Duerden also points to the abundance of human-interest storylines in the AFCON for international viewers who otherwise could not be bothered with a match between Equatorial Guinea and Libya. His three examples, however, relate to political and tragic events that would simply be beyond CONCACAF’s capacity (or desire, clearly) to emulate. Perhaps Chuck Blazer and co. could have shined a brighter light on the Honduran team at the 2009 Gold Cup, representing a country scarred by an ongoing political crisis, but then I am not sure if it could be considered ethical for football administrators to seek profit in human suffering. Lest anyone misunderstand me, I am not suggesting that Duerden implicitly arrives at such a cynical conclusion; simply put, this factor lies well outside CONCACAF’s authority.
Lastly, Duerden states that while not every game at the AFCON is sold out, the fan presence there is much more attractive to the international viewer than its Asian counterpart. To which I say: enjoy it while you can, because the tournament’s headed to South Afribzzzzzzzzzzzzzzzzzz next year. Here the Gold Cup actually outperforms the AFCON, even though both continents rank relatively poorly for traveling fans at continental championships. The United States is peculiar in that the national teams of Mexico, Guatemala, El Salvador and Honduras can pack stadiums all over the country, allowing for such spectacles as El Salvador selling out RFK Stadium in Washington, DC for their 2011 quarterfinal against Panama and Mexico selling out all but one of their matches in the tournament (their group stage game against Cuba “only” managed 40,000 plus).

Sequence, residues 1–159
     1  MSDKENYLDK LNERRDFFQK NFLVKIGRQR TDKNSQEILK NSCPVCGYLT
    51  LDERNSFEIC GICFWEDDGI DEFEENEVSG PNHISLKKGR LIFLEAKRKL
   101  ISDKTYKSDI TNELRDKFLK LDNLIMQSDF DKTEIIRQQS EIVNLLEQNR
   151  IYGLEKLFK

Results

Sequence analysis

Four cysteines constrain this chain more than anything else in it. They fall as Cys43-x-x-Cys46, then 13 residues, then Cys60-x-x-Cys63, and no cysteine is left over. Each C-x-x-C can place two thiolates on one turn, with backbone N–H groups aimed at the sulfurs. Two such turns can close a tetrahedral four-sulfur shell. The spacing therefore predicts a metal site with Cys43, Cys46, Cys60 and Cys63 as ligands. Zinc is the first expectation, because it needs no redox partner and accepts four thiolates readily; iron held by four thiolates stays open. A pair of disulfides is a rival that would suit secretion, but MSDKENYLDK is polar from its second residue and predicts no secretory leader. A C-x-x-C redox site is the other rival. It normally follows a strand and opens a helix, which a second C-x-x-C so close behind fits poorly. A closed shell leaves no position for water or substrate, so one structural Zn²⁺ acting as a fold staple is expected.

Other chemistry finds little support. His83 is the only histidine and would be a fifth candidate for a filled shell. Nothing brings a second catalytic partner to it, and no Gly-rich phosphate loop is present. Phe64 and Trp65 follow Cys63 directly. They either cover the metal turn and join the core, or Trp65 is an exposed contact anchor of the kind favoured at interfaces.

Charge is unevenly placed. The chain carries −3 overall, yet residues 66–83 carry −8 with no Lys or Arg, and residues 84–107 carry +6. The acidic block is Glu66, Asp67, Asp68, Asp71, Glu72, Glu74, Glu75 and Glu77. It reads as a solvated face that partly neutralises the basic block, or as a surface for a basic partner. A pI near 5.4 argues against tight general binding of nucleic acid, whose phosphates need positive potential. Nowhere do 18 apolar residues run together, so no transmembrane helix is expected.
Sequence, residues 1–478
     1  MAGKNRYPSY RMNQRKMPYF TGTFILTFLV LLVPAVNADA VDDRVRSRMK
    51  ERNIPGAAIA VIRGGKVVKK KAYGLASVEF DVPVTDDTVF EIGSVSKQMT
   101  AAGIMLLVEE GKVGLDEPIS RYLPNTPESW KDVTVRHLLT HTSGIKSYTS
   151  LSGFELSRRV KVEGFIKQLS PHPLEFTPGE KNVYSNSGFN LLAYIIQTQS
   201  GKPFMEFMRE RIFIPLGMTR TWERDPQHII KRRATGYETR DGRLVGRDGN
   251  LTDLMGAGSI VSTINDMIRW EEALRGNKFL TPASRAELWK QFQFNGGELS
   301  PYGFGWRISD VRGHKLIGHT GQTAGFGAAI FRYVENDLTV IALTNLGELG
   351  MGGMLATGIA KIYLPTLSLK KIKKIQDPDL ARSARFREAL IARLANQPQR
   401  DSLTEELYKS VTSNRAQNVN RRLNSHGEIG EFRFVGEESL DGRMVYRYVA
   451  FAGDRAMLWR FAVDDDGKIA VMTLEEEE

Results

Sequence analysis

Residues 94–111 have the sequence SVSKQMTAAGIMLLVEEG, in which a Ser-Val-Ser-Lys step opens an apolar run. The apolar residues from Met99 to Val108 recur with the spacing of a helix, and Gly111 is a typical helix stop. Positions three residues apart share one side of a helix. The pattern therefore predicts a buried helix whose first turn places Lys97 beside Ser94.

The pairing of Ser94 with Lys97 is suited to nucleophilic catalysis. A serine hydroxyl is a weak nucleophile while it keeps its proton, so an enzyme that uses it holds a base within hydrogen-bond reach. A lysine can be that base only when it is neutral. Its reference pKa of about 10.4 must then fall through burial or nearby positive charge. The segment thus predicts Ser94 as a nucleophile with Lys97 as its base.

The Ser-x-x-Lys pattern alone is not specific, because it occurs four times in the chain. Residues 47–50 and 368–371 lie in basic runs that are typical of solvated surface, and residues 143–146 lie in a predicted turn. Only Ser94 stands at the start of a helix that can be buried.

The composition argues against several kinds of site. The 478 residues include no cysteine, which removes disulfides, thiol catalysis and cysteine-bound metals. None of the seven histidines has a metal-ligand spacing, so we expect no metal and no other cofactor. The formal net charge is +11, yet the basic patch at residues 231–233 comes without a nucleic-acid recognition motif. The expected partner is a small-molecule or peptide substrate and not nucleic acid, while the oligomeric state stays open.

The factor that Duerden fails to include in his preview is the competitiveness of the tournament itself. You might think that this would matter only to invested fans of the sport; but the possibility of an underdog clawing their way to the championship is a powerful magnet for luring casuals and even non-football fans. Think of all the press American Samoa received for winning just one World Cup game, or Iraq when they managed to take the 2007 Asian Cup. There are at least half a dozen teams that show up at any given AFCON with the intention of winning the thing (e.g. Nigeria, Cameroon, Ivory Coast, Egypt, Tunisia, Ghana), and second-tier teams that challenge the favorites on their day (e.g. Morocco, Algeria, Mali, Angola, South Africa). Over here, however, only once has either the US or Mexico been knocked out by a fellow CONCACAF opponent not named the US or Mexico in the Gold Cup: back in 2000, when Canada edged Mexico in the quarterfinals through a Golden Goal. The last three Gold Cup Finals have all been US vs. Mexico clásicos, exciting and attention-grabbing matches in their own rights; but as long as the twin giants maintain their hegemony over the rest, outsiders will stick with the impression that the competitive part of the tournament begins at the end – even if two of the six semifinals between 2007 and 2011 went to extra time, and three of the remaining four were decided by just one goal. Then again, trends do not last forever; Egypt won three African Cups in a row, only to miss out entirely on the current edition.